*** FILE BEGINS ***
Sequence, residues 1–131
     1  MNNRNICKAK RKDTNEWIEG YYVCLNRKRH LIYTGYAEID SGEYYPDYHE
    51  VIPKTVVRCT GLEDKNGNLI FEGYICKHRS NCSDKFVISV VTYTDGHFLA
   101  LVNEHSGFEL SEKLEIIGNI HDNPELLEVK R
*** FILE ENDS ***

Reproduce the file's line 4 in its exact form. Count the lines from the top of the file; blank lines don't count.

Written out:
   101  LVNEHSGFEL SEKLEIIGNI HDNPELLEVK R